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The full case caption appears at the end of this opinion. OPINION OF THE COURT SLOVITER, Circuit Judge. Express Services, Inc. (“Express”) appeals from the orderof the District Court granting judgment following a benchtrial to Careers Express Staffing Services and Tammy M.Ford d/b/a Careers Express (collectively, “CareersExpress”). I. Both Express and Careers Express provide temporaryand permanent employment agency services to secretariesand clerical workers in Chester, Montgomery, Delaware,Bucks, and Philadelphia counties. Express, which operates in Pennsylvania primarily underthe name EXPRESS PERSONNEL SERVICE, owns a seriesof trademarks and service marks, including inter aliaEXPRESS, EXPRESS and Design, EXPRESS PERSONNELSERVICE and Design, EXPRESS TEMPORARY SERVICEand Design, and EXPRESS STAFFING SERVICES andDesign. (The denomination “and Design” signifies that thepreceding words are accompanied by a figure that depictsa person walking.) The Express marks have all beenregistered federally, and the mark EXPRESS PERSONNELSERVICE and Design was registered with the state ofPennsylvania on or about June 15, 1990. Careers Express operates in Pennsylvania under themark CAREERS EXPRESS. It owns neither a federalregistration nor a Pennsylvania state registration for thatmark, which it first used in commerce on April 4, 1994,although it registered the fictitious name CAREERSEXPRESS in Pennsylvania in April 1994. The parties havestipulated that they “use their respective marks in the sameor similar channels of trade” and provide services to “thesame classes of customers.” Careers Express first learned of the existence of Express’smarks in or around 1994, when it commissioned atrademark availability study. Based on the results of thisstudy, Careers Express’s counsel advised it that use of theCAREERS EXPRESS mark probably would be permissible,the marks of Express notwithstanding. Express first became aware of Careers Express’soperations in 1996. It objected to the CAREERS EXPRESSmark on February 12, 1996. On March 10, 1997, it broughtsuit in federal court. Express claims that use of the nameCAREERS EXPRESS infringes its trademarks and servicemarks. Careers Express responded by moving for summaryjudgment on March 19, 1997. The next day, Express movedfor summary judgment, based in part on a series ofaffidavits. The District Court denied both motions by Orderdated July 1, 1997 and scheduled the case for trial onSeptember 17, 1997. At trial, Express did not call anywitnesses, electing instead to rely on its affidavits. CareersExpress elicited the testimony of its own witnesses, as wellas that of several of the individuals whose affidavitsExpress had submitted. The District Court entered judgment for Careers Expresson October 22, 1997. The same day, Express moved forreconsideration, or in the alternative for a new trial.Express also sought to supplement the record with severalnew affidavits, which addressed the advertising practices ofits franchisees. The District Court denied these motions onDecember 17, 1997, and Express filed a timely appeal. We have jurisdiction under 28 U.S.C. S 1291. Our reviewof the District Court’s conclusions of law is plenary. See Duraco Prods., Inc. v. Joy Plastic Enters., 40 F.3d 1431,1438 (3d Cir. 1994). We review the factual determinationwhether there is a likelihood of confusion for clear error.See Versa Prods. Co. v. Bifold Co., 50 F.3d 189, 200 (3d Cir.1995). “Clear error exists when, giving all deference to theopportunity of the trial judge to evaluate the credibility ofwitnesses and to weigh the evidence, we are `left with adefinite and firm conviction that a mistake has beencommitted.’ ” A&H Sportswear, Inc. v. Victoria’s SecretStores, Inc., 166 F.3d 191, 194 (3d Cir. 1999) (quotingAnderson v. Bessemer City, 470 U.S. 564, 573 (1985)). II. Section 32(1) of the Lanham Act states: Any person who shall, without the consent of the registrant – (a) use in commerce any reproduction, counterfeit, copy, or colorable imitation of a registered mark in connection with the sale, offering for sale, distribution, or advertising of any goods or services on or in connection with which such use is likely to cause confusion, or to cause mistake, or to deceive; . . . shall be liable in a civil action by the registrant. . . . 15 U.S.C. S 1114(1). In order to establish infringement of its trademark, thetrademark owner must prove that “(1) the mark is valid andlegally protectable; (2) the mark is owned by the plaintiff;and (3) the defendant’s use of the mark to identify goods orservices is likely to create confusion concerning the originsof the goods or services.” Fisons Horticulture, Inc. v. VigoroIndus., Inc., 30 F.3d 466, 472 (3d Cir. 1994); see also A&HSportswear, Inc. v. Victoria’s Secret Stores, Inc., 166 F.3d197, 205 (3d Cir. 1999) (holding that “the appropriatestandard for determining trademark infringement under theLanham Act is the likelihood of confusion”). If a mark isboth federally registered and “incontestible,” see 15 U.S.C.SS 1058, 1065, the mark is presumed to meet the first tworequirements. Express contends that the District Court erred when itdetermined that there was no likelihood of confusionbetween its marks and that of Careers Express. Because weconclude that the District Court improperly characterizedthe Express marks and because this error may haveaffected the District Court’s likelihood-of-confusionanalysis, we will reverse and remand for furtherproceedings. A. This court has recognized that trademark terms may fallwithin one of four categories: arbitrary (or fanciful) terms, which bear “no logical or suggestive relation to the actual characteristics of the goods;” suggestive terms, which suggest rather than describe the characteristics of the goods; descriptive terms, which describe a characteristic or ingredient of the article to which it refers, and generic terms, which function as the common descriptive name of a product class. A.J. Canfield Co. v. Honickman, 808 F.2d 291, 296 (3d Cir.1986) (citation omitted). The District Court found that ” `express’ and `services’ aregeneric descriptive terms.” As the passage quoted aboveexplains, “ generic” and “descriptive” are separate categories.Moreover, these categories have different implications fortrademark analysis. If a term is generic, it is not entitled totrademark protection, whereas a descriptive term may beentitled to some protection if it has acquired a secondarymeaning. See id. at 292. Thus, the District Court’s characterization of EXPRESSand SERVICES as generic descriptive was clear error. Infact, we believe it is questionable that the Express marksfall within either the descriptive or the generic category. Therecord contains no evidence that consumers view expressemployment agency services as a genus of employmentagency services in the way that they might, for example,distinguish temporary employment agency services frompermanent employment agency services. Indeed, there is noevidence in the record to suggest that Express’s servicesdiffer from the general class of employment agency services”in a significant, functional, characteristic.” See id. at 293. For similar reasons, a reasonable factfinder might doubtthat the term “express” is descriptive in this context. Forexample, The American Heritage College Dictionary (3d ed.1993) provides three definitions for the word “express”when used as an adjective, 1. Definitely and explicitly stated. 2. Particular; specific. 3.a. Sent out with or moving at high speed. b. Direct, rapid, and usu[ally] nonstop: an express bus c. Of, relating to, or appropriate for rapid travel: express lanes. None of these applies to the provision of employmentagency services without interposing considerableimagination or modification. The term “express” certainlydoes connote speed when applied to travel or transport, asthe third of the above definitions demonstrates. Applyingthat term outside of those contexts, however, requires animaginative leap that may be large enough to transform”express” from descriptive to merely suggestive. B. We cannot conclude that the District Court’sinappropriate characterization of the Express marks washarmless error. Where, as in this case, goods or servicesdirectly compete, “the court need rarely look beyond themark itself ” to determine whether there is a likelihood ofconfusion. Interpace Corp. v. Lapp, Inc., 721 F.2d 460, 462(3d Cir. 1983). Therefore, the nature of the marks was, orshould have been, the District Court’s primary focus. The District Court’s erroneous classification of Express’smark impacted its determination of the mark’s strength,see Banff, Ltd. v. Federated Dep’t Stores, Inc., 841 F.2d486, 491 (2d Cir. 1988) (“the category in which the markqualifies — generic, descriptive, suggestive, or arbitrary –is useful in determining its strength”), and thereforeaffected its decision regarding likelihood of confusion, seeExpress Services, Inc. v. Careers Express Staffing Servs.,No. 96-7291, slip op. at 7-8 (E.D. Pa. Oct. 22, 1997) (listingstrength of mark as factor in determining likelihood ofconfusion); accord 721 F.2d at 463. Indeed, the DistrictCourt explicitly stated that it was “[t]he commonality of thewords `express’ and `service’ ” that led it “ to conclude thatplaintiff ‘s marks are weak and entitled to limitedprotection.” Express Services, No. 96-7291, slip op. at 9.The characterization of Express’s marks as “genericdescriptive” thus may have decreased the District Court’swillingness to find that Express had met its burden ofproving a likelihood of confusion. We do not suggest that the District Court’s conclusionthat the plaintiff failed to demonstrate a likelihood ofconfusion between the marks could not be sustained. Theparties stipulated that there was no actual confusion, andthe plaintiff introduced nothing but affidavits to attempt tosustain its burden to show likelihood of confusion by apreponderance of the evidence. However, in light of theDistrict Court’s improper characterization of these marks,we cannot be certain that the result would have been thesame absent the District Court’s error. III. For the foregoing reasons, we will reverse and remand sothat the District Court may reconsider whether there is alikelihood of confusion between the parties’ marks. TheDistrict Court may, if it believes it necessary, takeadditional evidence, but we do not require it to do so if itbelieves the record is adequate. A True Copy: Teste: Clerk of the United States Court of Appeals for the Third Circuit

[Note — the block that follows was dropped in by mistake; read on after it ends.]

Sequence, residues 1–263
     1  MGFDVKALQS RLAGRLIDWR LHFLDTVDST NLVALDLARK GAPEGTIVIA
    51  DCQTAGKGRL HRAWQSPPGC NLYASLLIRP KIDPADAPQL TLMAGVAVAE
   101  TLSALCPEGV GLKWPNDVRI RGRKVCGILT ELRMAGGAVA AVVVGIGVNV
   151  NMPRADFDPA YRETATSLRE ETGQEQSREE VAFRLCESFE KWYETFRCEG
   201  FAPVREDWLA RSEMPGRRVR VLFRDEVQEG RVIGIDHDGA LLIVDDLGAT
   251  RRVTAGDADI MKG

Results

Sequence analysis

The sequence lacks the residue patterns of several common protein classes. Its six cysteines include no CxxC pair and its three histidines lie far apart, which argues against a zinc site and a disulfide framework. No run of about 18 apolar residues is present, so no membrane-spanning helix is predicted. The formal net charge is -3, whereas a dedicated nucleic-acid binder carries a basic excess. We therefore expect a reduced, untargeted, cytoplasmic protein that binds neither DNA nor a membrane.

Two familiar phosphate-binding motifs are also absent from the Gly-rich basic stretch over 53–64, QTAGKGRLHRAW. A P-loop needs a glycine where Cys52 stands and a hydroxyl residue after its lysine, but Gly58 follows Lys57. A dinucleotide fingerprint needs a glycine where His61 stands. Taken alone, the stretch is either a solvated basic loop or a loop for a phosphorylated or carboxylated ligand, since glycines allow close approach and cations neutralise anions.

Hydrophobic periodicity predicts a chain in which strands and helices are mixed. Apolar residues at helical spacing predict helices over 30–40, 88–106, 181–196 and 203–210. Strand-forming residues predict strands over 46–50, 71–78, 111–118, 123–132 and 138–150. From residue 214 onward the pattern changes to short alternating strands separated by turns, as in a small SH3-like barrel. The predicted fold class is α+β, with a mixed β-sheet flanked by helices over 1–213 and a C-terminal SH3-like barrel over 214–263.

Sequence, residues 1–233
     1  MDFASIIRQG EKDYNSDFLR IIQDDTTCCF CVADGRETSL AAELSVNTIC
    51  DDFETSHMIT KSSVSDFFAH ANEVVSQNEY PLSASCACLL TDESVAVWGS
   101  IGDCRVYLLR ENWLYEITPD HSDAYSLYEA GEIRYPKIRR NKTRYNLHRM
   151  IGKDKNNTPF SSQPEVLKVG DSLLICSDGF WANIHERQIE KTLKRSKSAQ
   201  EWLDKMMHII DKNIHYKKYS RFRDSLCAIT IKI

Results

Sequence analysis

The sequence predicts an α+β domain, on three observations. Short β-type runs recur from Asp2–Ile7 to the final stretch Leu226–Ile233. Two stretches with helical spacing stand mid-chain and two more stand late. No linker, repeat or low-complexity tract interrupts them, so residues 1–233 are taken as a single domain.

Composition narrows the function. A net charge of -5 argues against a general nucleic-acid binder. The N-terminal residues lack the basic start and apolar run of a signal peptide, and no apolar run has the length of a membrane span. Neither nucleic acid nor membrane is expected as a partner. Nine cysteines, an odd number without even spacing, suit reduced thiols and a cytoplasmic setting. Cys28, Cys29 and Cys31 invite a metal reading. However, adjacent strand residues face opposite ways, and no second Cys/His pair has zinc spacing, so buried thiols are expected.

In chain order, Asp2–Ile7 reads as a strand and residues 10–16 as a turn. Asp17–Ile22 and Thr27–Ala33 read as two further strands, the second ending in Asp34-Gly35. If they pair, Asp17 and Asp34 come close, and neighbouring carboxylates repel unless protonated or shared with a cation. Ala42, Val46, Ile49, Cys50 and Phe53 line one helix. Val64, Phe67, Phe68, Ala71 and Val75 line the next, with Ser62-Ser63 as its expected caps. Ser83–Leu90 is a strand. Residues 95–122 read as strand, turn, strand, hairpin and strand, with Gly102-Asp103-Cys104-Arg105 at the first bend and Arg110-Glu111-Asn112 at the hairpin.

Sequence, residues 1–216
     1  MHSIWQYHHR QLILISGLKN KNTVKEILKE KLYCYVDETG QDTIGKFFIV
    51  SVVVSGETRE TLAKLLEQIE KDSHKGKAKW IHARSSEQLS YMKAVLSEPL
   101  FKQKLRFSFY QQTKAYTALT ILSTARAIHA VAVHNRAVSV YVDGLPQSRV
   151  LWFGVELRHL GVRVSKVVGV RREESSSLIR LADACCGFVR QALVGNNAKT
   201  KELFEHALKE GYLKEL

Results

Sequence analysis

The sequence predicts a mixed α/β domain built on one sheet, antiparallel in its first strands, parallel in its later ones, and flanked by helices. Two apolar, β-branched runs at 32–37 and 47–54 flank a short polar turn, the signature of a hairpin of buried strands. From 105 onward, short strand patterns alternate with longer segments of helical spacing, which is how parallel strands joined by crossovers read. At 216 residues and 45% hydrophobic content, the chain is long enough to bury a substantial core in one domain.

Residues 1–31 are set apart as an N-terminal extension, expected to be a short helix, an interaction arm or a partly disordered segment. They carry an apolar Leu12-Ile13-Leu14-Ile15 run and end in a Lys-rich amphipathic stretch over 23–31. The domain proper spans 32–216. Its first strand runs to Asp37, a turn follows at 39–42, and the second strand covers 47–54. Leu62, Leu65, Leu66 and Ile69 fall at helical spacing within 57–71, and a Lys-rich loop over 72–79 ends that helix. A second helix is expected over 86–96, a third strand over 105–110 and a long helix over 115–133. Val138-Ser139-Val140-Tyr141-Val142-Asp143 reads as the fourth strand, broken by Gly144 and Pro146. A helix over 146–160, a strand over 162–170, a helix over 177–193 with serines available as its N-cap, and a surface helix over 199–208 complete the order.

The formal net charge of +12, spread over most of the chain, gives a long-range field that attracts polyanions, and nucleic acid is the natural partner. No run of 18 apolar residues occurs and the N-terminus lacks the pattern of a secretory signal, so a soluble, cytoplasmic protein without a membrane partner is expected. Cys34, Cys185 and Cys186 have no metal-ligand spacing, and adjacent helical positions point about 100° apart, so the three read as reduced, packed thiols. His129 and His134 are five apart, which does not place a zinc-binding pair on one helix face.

EXPRESS SERVICES, INC., Appellant v. CAREERS EXPRESS STAFFING SERVICES; TAMMY M. FORD d/b/a CAREERS EXPRESS STAFFING SERVICES No. 98-1013 United States Court Of Appeals For The Third Circuit On Appeal from the United States District Court for the Eastern District of Pennsylvania (D.C. Civil No. 96-cv-07291) District Judge: Honorable Charles R. Weiner Submitted Pursuant to Third Circuit LAR 34.1(a) Originally Submitted September 18, 1998 Held c.a.v. Resubmitted April 23, 1999 Filed May 10, 1999 Before: SLOVITER, SCIRICA and ALITO, Circuit Judges Donald J. Fitzpatrick Michael A. Clithero Richard H. Kuhlman Peper, Martin, Jensen, Maichel & Hetlage 720 Olive Street, 24th Floor St. Louis, MO 63101 M. Kelly Tillery Leonard, Tillery & Sciolla 1515 Market Street 18th Floor Philadelphia, PA 19102 Attorneys for Appellant Steven H. Rubin 900 East 8th Avenue King of Prussia, PA 19406 Attorney for Appellees